Atenism (or the Amarna heresy) is the earliest known, if not well-documented, monotheistic religion, associated above all with the eighteenth dynasty Pharaoh Amenhotep IV, better known under the name he later adopted, Akhenaten. In the 14th century BC it was Egypt's state religion for around 20 years, before a return to the traditional gods so comprehensive that the heretic Pharaohs associated with Atenism were erased from Egyptian records.
The Aten, the god of Atenism, first appears in texts dating to the 12th dynasty, in the Story of Sinuhe. Here during the Middle Kingdom, the Aten "as the sun disk...was merely one aspect of the sun god Re. The Aten, hence, was a relatively obscure sun god; without the Atenist period, it would barely have figured in Egyptian history. Although there are indications that the Aten was becoming slightly more important in the eighteenth dynasty period - notably Amenhotep III's naming of his royal barge as Spirit of the Aten - it was Amenhotep IV who introduced the Atenist revolution, in a series of steps culminating in the official installment of the Aten as Egypt's sole god. Although each line of kings prior to the reign of Akhenaten:
Year 5 is believed to mark the beginning of Amenhotep IV's construction of a new capital, Akhetaten (Horizon of the Aten), at the site known today as Amarna. Evidence of this appears on three of the boundary stelae used to mark the boundaries of this new capital. At this time, Amenhotep IV officially changed his name to Akhenaten (Agreeable to Aten) as evidence of his new worship. The date given for the event has been estimated to fall around January 2 of that year. In Year 7 of his reign the capital was moved from Thebes to Akhetaten (near modern Amarna), though construction of the city seems to have continued for two more years. In shifting his court from the traditional ceremonial centres Akhenaten was signalling a dramatic transformation in the focus of religious and political power.
The move separated the Pharaoh and his court from the influence of the priesthood and from the traditional centres of worship, but his decree had deeper religious significance too — taken in conjunction with his name change, it is possible that the move to Amarna was also meant as a signal of Akhenaten's symbolic death and rebirth. It may also have coincided with the death of his father and the end of the coregency. In addition to constructing a new capital in honor of Aten, Akhenaten also oversaw the construction of some of the most massive temple complexes in ancient Egypt, including one at Karnak and one at Thebes, close to the old temple of Amun.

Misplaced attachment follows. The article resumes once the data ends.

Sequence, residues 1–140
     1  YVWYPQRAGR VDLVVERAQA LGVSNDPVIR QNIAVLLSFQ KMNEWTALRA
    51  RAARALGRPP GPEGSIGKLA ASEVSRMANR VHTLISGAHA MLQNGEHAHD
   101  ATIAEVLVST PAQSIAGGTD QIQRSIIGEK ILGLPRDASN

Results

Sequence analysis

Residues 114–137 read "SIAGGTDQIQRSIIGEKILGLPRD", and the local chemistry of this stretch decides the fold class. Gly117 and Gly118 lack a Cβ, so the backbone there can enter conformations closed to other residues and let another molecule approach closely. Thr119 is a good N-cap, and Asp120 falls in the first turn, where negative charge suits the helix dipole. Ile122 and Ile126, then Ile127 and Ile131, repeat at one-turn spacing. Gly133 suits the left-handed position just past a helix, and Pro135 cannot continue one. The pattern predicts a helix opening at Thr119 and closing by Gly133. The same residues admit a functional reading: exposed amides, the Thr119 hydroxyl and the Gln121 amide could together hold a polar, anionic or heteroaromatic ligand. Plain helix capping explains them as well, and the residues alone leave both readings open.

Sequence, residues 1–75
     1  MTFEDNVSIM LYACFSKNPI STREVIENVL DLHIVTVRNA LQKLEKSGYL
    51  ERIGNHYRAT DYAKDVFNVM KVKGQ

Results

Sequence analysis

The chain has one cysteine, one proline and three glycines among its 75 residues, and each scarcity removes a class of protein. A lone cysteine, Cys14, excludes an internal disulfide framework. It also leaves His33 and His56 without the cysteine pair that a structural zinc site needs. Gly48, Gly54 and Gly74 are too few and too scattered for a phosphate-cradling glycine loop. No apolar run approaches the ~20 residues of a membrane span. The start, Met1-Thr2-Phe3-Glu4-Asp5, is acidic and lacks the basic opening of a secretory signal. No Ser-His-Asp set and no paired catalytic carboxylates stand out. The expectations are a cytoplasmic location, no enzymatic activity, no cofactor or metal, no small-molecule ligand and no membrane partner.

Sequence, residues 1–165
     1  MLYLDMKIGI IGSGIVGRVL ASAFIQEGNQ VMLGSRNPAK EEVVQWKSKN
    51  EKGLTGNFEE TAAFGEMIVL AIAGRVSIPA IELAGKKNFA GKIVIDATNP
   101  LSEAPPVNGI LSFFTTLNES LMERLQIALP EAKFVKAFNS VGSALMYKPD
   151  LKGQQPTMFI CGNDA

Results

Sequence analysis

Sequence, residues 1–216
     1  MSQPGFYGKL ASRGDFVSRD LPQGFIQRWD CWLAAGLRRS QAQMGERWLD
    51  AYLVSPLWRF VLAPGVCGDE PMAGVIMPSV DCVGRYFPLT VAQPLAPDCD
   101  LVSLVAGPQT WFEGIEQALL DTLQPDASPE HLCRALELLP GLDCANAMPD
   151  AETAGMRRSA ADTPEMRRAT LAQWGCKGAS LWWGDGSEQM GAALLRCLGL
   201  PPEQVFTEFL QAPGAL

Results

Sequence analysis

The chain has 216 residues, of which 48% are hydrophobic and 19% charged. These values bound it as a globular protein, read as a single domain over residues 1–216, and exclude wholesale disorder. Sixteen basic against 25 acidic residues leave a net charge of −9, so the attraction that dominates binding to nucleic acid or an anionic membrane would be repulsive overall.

In Year 9, Akhenaten strengthened the Atenist regime, declaring the Aten to be not merely the supreme god, but the only god, a universal deity, and forbidding worship of all others, including the veneration of idols, even privately in people's homes - an arena the Egyptian state had previously not touched in religious terms. Atenism was then based on strict unitarian monotheism, the belief in one single God. Aten was addressed in prayers, such as the Great Hymn to the Aten: "O Sole God beside whom there is none".
Akhenaten staged the ritual regicide of the old supreme god Amun, and ordered the defacing of Amun's temples throughout Egypt, and of all the old gods. The word for `gods' (plural) was proscribed, and inscriptions have been found in which even the hieroglyph of the word for "mother" has been excised and re-written in alphabetic signs, because it had the same sound in ancient Egyptian as the sound of name of the Theban goddess Mut. Aten's name is also written differently after Year 9, to emphasise the radicalism of the new regime. No longer is the Aten written using the symbol of a rayed solar disc, but instead it is spelled phonetically.